- Aspect Ratio: 2.35:1
- Video Codec: AVC/MPEG-4
- Resolution: 1080p/24
- Audio Codec: English DTS-HD Master Audio 5.1, French DTS 5.1, German DTS 5.1, Italian DTS 5.1, Portuguese Dolby Digital 5.1, Spanish (Castilian) Dolby Digital 5.1, Spanish (Latin American) Dolby Digital 5.1
- Subtitles: English, English Commentary, Danish, Dutch, Dutch Commentary, Finnish, French, French Commentary, German, Italian, Italian Commentary, Norwegian, Spanish (Castilian), Spanish (Latin American), Swedish
- Region: A
- Rating: R
- Discs: 1
- Studio: 20th Century Fox
- Blu-ray Release Date: February 2, 2010
- List Price: $29.99[amazon-product align=”right”]B002WN8IQG[/amazon-product]
Click thumbnails for high-resolution 1920X1080p screen captures
(Screen captures are lightly compressed with lossy JPEG thus are meant as a general representation of the content and do not fully reveal the capabilities of the Blu-ray format)
I recall growing up hearing about Idi Amin, but only vaguely. I was very young when Amin was in power, and by the time I was old enough to hear and be told all the gruesome details, all I knew was that he was a cruel and ruthless dictator who’d killed thousands of his people in a bloody reign of terror. I heard the rumors and tales of his practices — the cannibalism, the women, the torture — but all of these things were naturally coming from the Western world that has a long history of vilifying third world leaders they no longer have any use for.
So, how does one go about making a film about a man with so much baggage and history attached to him? For director Kevin Macdonald, the answer was in the Giles Foden novel, The Last King of Scotland. The novel, and the film, which shares the same name, base their story of Amin around a fictional Scottish doctor, Nicholas Garrigan (James McAvoy) who travels to Uganda from Scotland after graduating from university and ends up in the employ of Idi Amin (Forest Whitaker) as his personal physician, becoming his closest advisor.
The Last King of Scotland does not concern itself with the tales of Amin’s wild behavior, saving most of the references to his brutality for passing references that happen mostly off screen. Instead, the film tries to show a more personal side of Amin through his dealings with Garrigan and his other advisors. Whitaker does an excellent job portraying Amin’s manic character. He is convincingly power hungry, intimidating, and at the same time insecure and paranoid.
Where The Last King of Scotland fails, is in the fact that it almost completely ignores the toil of the Ugandan people during this time period. During Amin’s reign, it is estimated that Amin killed nearly 300,000 people, and many of the stories of his tortures and other things cannot all have been false. The idea that a film, nearly three-hours long about Amin could only mention these things in passing is almost an atrocity.
Still, the riveting performance by Whitaker and the support from McAvoy make The last King of Scotland well worth watching.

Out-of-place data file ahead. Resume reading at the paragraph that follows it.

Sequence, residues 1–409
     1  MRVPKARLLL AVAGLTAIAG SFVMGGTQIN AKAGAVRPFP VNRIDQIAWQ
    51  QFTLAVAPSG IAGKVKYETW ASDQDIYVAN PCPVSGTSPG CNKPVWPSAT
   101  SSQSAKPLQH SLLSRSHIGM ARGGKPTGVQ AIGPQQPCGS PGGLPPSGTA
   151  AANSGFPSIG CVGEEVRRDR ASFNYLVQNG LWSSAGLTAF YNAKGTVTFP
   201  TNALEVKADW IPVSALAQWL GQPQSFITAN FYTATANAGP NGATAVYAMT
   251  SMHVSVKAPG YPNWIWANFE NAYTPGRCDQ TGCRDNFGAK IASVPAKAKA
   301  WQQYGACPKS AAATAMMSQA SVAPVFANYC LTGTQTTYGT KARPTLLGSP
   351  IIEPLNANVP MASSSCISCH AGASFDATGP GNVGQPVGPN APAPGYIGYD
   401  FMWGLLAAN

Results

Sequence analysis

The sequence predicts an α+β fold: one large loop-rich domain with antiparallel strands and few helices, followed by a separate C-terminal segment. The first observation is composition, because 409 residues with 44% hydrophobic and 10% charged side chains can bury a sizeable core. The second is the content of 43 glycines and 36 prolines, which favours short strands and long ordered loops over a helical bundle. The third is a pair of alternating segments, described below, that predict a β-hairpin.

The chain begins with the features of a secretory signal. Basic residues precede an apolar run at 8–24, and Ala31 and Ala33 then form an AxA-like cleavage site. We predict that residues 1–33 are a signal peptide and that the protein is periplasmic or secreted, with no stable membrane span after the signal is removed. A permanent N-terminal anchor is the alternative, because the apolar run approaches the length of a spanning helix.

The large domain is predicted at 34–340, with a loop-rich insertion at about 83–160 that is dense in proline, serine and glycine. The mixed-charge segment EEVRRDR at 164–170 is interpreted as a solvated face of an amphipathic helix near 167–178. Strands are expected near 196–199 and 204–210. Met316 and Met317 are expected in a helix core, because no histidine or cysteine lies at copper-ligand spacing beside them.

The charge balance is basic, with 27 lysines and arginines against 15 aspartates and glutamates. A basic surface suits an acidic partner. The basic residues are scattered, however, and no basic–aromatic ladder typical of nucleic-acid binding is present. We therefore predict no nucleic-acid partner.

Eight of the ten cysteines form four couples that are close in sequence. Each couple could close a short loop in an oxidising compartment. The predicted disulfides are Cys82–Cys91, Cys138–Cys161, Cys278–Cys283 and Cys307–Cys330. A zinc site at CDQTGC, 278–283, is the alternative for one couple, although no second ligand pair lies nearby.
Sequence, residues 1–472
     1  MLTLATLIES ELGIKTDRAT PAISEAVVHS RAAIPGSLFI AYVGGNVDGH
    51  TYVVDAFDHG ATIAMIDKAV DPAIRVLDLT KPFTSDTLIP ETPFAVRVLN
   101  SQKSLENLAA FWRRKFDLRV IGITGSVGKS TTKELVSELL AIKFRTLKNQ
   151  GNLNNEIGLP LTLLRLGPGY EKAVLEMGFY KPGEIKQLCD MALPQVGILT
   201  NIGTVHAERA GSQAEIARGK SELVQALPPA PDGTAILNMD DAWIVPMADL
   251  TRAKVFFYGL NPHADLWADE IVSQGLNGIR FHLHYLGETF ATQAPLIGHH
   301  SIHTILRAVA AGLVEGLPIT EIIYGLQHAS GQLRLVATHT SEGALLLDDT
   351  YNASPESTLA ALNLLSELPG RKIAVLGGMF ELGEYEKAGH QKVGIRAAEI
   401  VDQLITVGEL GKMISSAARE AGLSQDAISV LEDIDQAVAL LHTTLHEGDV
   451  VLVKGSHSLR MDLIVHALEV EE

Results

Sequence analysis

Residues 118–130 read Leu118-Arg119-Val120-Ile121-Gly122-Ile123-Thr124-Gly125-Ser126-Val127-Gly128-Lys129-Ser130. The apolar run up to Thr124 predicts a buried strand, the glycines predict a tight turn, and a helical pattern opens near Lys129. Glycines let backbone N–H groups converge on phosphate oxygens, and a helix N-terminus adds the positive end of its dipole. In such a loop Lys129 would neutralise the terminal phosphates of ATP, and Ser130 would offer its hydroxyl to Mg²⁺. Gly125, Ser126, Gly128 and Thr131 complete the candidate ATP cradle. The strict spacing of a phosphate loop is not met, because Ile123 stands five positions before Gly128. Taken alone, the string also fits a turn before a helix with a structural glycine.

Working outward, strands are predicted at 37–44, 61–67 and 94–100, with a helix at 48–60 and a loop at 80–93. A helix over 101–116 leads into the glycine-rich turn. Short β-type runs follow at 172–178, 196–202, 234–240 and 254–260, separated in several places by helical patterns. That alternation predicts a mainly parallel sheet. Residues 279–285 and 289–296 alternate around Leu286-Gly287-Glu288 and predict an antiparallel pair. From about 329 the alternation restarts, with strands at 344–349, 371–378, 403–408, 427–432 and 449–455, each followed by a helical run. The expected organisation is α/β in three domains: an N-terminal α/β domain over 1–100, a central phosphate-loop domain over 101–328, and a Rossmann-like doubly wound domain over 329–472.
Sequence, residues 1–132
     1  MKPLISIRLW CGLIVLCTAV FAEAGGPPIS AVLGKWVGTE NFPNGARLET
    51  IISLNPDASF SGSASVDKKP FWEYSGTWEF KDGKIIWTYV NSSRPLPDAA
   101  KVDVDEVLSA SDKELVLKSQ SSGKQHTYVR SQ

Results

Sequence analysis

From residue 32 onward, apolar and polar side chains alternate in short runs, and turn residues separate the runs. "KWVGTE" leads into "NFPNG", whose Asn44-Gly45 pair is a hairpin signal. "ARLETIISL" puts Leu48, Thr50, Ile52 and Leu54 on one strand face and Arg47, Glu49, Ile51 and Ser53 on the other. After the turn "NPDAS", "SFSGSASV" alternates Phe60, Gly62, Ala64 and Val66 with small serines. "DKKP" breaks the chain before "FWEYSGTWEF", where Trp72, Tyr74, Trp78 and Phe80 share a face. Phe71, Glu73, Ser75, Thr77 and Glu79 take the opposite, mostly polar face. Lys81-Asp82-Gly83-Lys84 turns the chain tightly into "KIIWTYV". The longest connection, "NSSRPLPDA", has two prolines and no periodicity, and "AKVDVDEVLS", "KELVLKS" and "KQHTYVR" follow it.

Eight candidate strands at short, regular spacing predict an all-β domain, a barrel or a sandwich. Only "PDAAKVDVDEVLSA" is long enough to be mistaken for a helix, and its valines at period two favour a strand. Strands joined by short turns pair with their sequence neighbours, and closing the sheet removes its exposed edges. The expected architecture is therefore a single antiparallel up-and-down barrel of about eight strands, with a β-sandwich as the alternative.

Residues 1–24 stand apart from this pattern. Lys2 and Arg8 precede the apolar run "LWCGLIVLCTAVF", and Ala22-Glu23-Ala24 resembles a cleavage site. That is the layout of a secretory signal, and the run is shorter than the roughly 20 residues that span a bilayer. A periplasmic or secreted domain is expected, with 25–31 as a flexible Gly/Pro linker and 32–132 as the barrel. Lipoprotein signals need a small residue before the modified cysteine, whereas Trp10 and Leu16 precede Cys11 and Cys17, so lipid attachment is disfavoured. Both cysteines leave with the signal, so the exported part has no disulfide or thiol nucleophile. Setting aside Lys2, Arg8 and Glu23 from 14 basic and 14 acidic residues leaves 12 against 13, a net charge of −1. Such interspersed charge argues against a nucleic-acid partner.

The Last King of Scotland’s 2.35:1 AVC/MPEG-4 transfer varies between blown out contrasts, crushed blacks, de-saturated scenes and scenes with over-saturated colors. Black levels vary as do grain levels. These things are not necessarily a byproduct of the encoding, which looks free from artifacts, but more a product of original production choices that keep The Last King of Scotland from looking great in high definition. On the positive side, the transfer retains a film-like quality and has not been ruined with any post-processing such as DNR or edge enhancement.
The DTS-HD Master Audio 5.1 soundtrack offers up clean dialogue and low-level atmospheric sound effects in the surround channels with the occasional discrete foley effect panned through the surrounds as well. The musical soundtrack, populated with Africa-influenced rhythms and 70’s funk and r&b offers ample opportunity for the soundstage to open up and the LFE to be put to good use.
The bulk of the supplements on this release deal with actor Forest Whitaker’s challenge portraying Idi Amin onscreen. Most of them will require no more than one viewing,
The supplements provided on this release are:
- Commentary by Director Kevin MacDonald
- Deleted Scenes w/ Optional Commentary by Director Kevin MacDonald (1.33:1; 480i/60) — 7 deleted scenes.
- Capturing Idi Amin (1.78:1; 480i/60; 0:29.04)
- Forest Whitaker “Idi Amin” (1.33:1; 480i/60; 0:05.59) — Actor Forest Whitaker talks about the challenge of portraying Idi Amin.
- Fox Movie Channel Presents: Casting Session — The Last King of Scotland (1.33:1; 480i/60; 0:08.36) — The filmmakers discuss the importance of fighting the right person to fill the role of Idi Amin.
- Theatrical Trailer (1.33:1; 480i/60)
The Definitive Word
The Last King of Scotland is most notable for the engaging performance by Forest Whitaker. A more historically accurate film that spoke more to the tragedies the Ugandan people had to endure under the Amin regime would have been more preferable, but The Last King of Scotland is a start in the right direction. It’s also a strong enough Blu-ray release to warrant a recommendation.